Affiliation: Cellular Physiology/Membrane Transport, University of Kaiserslautern, 67653, Kaiserslautern, Germany. anlorenz@rhrk.uni-kl.de.

ABSTRACT

Background: Adenine nucleotide/phosphate carriers (APCs) from mammals and yeast are commonly known to adapt the mitochondrial adenine nucleotide pool in accordance to cellular demands. They catalyze adenine nucleotide--particularly ATP-Mg--and phosphate exchange and their activity is regulated by calcium. Our current knowledge about corresponding proteins from plants is comparably limited. Recently, the three putative APCs from Arabidopsis thaliana were shown to restore the specific growth phenotype of APC yeast loss-of-function mutants and to interact with calcium via their N-terminal EF--hand motifs in vitro. In this study, we performed biochemical characterization of all three APC isoforms from A. thaliana to gain further insights into their functional properties.

Results: Recombinant plant APCs were functionally reconstituted into liposomes and their biochemical characteristics were determined by transport measurements using radiolabeled substrates. All three plant APCs were capable of ATP, ADP and phosphate exchange, however, high preference for ATP-Mg, as shown for orthologous carriers, was not detectable. By contrast, the obtained data suggest that in the liposomal system the plant APCs rather favor ATP-Ca as substrate. Moreover, investigation of a representative mutant APC protein revealed that the observed calcium effects on ATP transport did not primarily/essentially involve Ca(2+)-binding to the EF-hand motifs in the N-terminal domain of the carrier.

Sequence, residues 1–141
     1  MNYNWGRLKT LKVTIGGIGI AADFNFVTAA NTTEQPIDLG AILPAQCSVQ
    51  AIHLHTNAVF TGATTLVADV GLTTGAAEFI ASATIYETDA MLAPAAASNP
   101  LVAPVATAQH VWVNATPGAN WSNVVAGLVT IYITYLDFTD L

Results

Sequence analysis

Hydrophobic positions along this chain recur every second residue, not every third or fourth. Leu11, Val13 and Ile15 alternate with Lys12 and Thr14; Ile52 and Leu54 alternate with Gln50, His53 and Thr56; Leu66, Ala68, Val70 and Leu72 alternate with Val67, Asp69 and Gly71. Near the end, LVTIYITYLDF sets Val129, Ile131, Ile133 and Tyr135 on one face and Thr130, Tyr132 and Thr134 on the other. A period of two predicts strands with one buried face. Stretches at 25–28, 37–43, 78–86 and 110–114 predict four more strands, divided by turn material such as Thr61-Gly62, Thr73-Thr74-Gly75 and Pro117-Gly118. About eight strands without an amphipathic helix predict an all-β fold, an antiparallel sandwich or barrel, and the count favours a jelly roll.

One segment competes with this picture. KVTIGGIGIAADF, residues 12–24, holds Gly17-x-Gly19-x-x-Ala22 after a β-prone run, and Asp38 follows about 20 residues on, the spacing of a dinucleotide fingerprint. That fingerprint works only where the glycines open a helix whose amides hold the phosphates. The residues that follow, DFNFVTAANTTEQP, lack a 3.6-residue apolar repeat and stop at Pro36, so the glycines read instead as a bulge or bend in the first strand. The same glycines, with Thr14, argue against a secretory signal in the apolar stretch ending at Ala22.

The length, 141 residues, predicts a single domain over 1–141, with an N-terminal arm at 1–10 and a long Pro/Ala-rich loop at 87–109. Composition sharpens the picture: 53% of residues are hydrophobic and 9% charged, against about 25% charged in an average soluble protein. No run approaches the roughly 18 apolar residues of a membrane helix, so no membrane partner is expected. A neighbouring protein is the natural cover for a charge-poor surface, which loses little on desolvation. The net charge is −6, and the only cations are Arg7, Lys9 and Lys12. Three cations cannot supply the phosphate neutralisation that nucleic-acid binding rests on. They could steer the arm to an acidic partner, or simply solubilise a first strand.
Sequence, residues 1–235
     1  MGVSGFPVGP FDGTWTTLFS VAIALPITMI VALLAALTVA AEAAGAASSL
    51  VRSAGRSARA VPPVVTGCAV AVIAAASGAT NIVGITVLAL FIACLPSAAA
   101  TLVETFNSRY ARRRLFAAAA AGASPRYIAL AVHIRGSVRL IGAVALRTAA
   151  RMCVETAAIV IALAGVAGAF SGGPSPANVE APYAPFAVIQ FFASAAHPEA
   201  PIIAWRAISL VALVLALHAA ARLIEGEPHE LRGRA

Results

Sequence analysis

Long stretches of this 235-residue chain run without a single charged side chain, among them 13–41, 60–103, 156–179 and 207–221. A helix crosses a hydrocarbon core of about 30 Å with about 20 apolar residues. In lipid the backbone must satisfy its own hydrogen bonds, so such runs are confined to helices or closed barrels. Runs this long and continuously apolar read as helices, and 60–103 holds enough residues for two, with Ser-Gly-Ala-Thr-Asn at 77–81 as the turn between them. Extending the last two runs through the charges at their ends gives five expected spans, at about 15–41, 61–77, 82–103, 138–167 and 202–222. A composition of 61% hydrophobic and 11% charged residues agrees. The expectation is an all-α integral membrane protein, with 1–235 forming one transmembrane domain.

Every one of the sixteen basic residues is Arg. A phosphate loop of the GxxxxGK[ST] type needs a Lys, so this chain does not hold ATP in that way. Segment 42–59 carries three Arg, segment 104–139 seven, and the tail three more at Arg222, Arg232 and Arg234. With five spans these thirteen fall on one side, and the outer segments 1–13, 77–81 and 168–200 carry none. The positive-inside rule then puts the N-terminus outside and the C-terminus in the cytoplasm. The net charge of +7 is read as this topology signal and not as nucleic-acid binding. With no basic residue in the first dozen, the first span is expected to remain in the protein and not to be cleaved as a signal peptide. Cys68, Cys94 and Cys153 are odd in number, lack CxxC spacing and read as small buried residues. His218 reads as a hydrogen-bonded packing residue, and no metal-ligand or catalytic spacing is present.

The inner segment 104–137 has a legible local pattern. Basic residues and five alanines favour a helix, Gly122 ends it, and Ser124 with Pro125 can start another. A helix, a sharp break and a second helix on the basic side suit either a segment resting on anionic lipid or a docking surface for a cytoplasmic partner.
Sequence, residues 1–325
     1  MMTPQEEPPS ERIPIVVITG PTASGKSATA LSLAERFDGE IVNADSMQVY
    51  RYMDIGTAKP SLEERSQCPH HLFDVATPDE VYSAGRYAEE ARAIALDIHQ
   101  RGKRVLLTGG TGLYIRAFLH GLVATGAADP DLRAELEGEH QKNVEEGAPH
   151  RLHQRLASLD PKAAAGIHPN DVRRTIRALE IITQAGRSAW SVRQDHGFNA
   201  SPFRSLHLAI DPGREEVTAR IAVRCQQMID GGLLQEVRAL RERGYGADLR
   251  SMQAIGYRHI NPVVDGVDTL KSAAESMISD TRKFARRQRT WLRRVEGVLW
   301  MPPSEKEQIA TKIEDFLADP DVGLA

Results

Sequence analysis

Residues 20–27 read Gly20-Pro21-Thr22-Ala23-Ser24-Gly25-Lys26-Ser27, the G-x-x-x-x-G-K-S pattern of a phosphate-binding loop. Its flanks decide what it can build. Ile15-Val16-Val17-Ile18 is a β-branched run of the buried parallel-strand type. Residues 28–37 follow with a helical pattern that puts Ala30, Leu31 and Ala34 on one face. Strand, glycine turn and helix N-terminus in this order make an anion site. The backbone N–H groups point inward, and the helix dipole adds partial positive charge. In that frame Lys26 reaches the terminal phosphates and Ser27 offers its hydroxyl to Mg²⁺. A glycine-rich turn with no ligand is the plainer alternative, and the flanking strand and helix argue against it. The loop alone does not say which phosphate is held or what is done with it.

Conclusion: Biochemical characteristics suggest that plant APCs can mediate net transport of adenine nucleotides and hence, like their pendants from animals and yeast, might be involved in the alteration of the mitochondrial adenine nucleotide pool. Although, ATP-Ca was identified as an apparent import substrate of plant APCs in vitro it is arguable whether ATP-Ca formation and thus the corresponding transport can take place in vivo.

No MeSH data available.